Debt is the proverbial double-edged sword, offering access to costly assets, but sometimes driving overleveraged borrowers into bankruptcy.
Only politicians and some Keynesian economists could convince themselves - along with a good portion of the masses - that more debt is the solution to the world's already crushing levels.
It's gotten so backwards, it's downright scary.
Yet there are some practical things you can do to avoid getting sucked under by the growing sea of debt.
The Staggering Growth of Borrowing
According to a study recently published by the McKinsey Global Institute, a research and consulting firm, worldwide debt levels have exploded. Although common sense had many expecting that world economies would deleverage after the Financial Crisis, the exact opposite has taken place.
We've now seen global debt balloon by an additional $57 trillion since 2007, raising the world's debt-to-GDP ratio by 17%. In other words, we're now more overleveraged than before the crisis.
Global debt levels have reached an astronomical $200 trillion (see chart at left), representing $27,200 owed for every single human on the planet. Unsurprisingly, growth in government debt has outpaced that of financial, corporate, and even household levels, growing at an aggressive 9.3% annually between 2007 and 2014.
Not surprisingly, a large portion of government debt growth originated specifically because of the crisis. New taxpayer guaranteed debt was used to repay or otherwise secure delinquent or trash debt.
And yet when used properly, debt is a solid, proven financing option to fund crucial projects like infrastructure expansion, acquire income-producing properties, and facilitate homeownership. In excess, the servicing costs of too much debt slows growth and ups the risk of future financial crises and exacerbates their accompanying fallout.
McKinsey's Debt and (Not Much) Deleveraging report examines the state of debt across 47 nations - 22 advanced and 25 developing.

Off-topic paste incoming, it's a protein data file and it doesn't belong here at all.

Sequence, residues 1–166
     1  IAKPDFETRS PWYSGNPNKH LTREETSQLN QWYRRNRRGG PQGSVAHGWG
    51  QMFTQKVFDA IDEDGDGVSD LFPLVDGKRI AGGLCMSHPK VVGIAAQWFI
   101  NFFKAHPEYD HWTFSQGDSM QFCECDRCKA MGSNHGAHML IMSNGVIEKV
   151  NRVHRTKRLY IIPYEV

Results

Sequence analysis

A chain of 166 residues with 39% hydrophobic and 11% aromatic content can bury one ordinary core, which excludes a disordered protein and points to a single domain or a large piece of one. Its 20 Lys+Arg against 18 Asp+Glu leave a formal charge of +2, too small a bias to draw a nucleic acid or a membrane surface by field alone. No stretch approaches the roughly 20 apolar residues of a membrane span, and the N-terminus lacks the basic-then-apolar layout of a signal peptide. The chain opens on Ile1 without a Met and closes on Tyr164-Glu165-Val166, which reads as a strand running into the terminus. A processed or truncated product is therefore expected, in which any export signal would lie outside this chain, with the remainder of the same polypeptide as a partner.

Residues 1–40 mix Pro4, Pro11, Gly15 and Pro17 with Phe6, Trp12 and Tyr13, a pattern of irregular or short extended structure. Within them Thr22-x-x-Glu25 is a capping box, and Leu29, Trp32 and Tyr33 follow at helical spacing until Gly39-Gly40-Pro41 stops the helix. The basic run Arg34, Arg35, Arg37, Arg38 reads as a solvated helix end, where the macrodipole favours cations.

Three main concerns emerge in the report: Large and ever-increasing government debt, household debt, and total debt, specifically in China. China gets singled out for dubiously quadrupling its debt to $28 trillion, reaching 282% of GDP in 2014 and placing it ahead of some advanced economies. Half of all lending is linked to its overheated real estate market.
Overleveraged real estate financing is a problem reaching well beyond China. The study finds that mortgages are the main source of household debt in advanced economies. Low rates - thanks in part to the Fed and its ZIRP - have spurred larger mortgages, leading in turn to house prices being bid ever higher.
Debt-to-income, debt service ratios, and price changes point to seven troublesome economies. McKinsey says the Netherlands, South Korea, Canada, Sweden, Australia, Malaysia, and Thailand are at highest risk.
So does the consulting firm offer any concrete solutions to these problems?
Sadly, no. Instead, the Institute spews out all-purpose solutions to government debt like more widespread asset sales, one-time taxes on wealth (which I've warned you about before), and more effective debt-restructuring programs.
Improving Your Personal Debt Situation
Given the dire state of government and household debt, what can you do to improve your own situation and avoid becoming a victim of leverage?
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- Take charge and review your own overall debt situation. Get a handle on all of your outstanding debt: how much you owe, to whom, when it's due, and the interest rates you're paying.
- Figure out if some of your debt allows for early repayment. Typically it does, but prepayment penalties have made a reappearance after a protracted absence from many of the lending markets.
- Attack the high-interest debts first. Consider whether you might consolidate high-interest loans (like credit card debt) into a secured line of credit, which may offer much lower interest rates.
- If you have a mortgage, refinance to lower rates if possible. Hedge your risk against interest rate movement by locking in your mortgage for as long as possible at the lowest rate possible. When rates rise, perhaps considerably and suddenly, you'll be sitting pretty knowing you're protected with a low interest rate for the long term.
Also, if things sour and we face high inflation or even hyperinflation in the future, your debt will at least be partially offset and inflated away. That's because you'll have the benefit of paying back an old debt with new dollars that are worth much less, putting you in a favorable position.
Like I said at the outset, debt can be a great tool if employed properly and in moderation. Use it improperly, and the results will deeply undermine your financial stability. But if used temperately, you can benefit while limiting downside risk.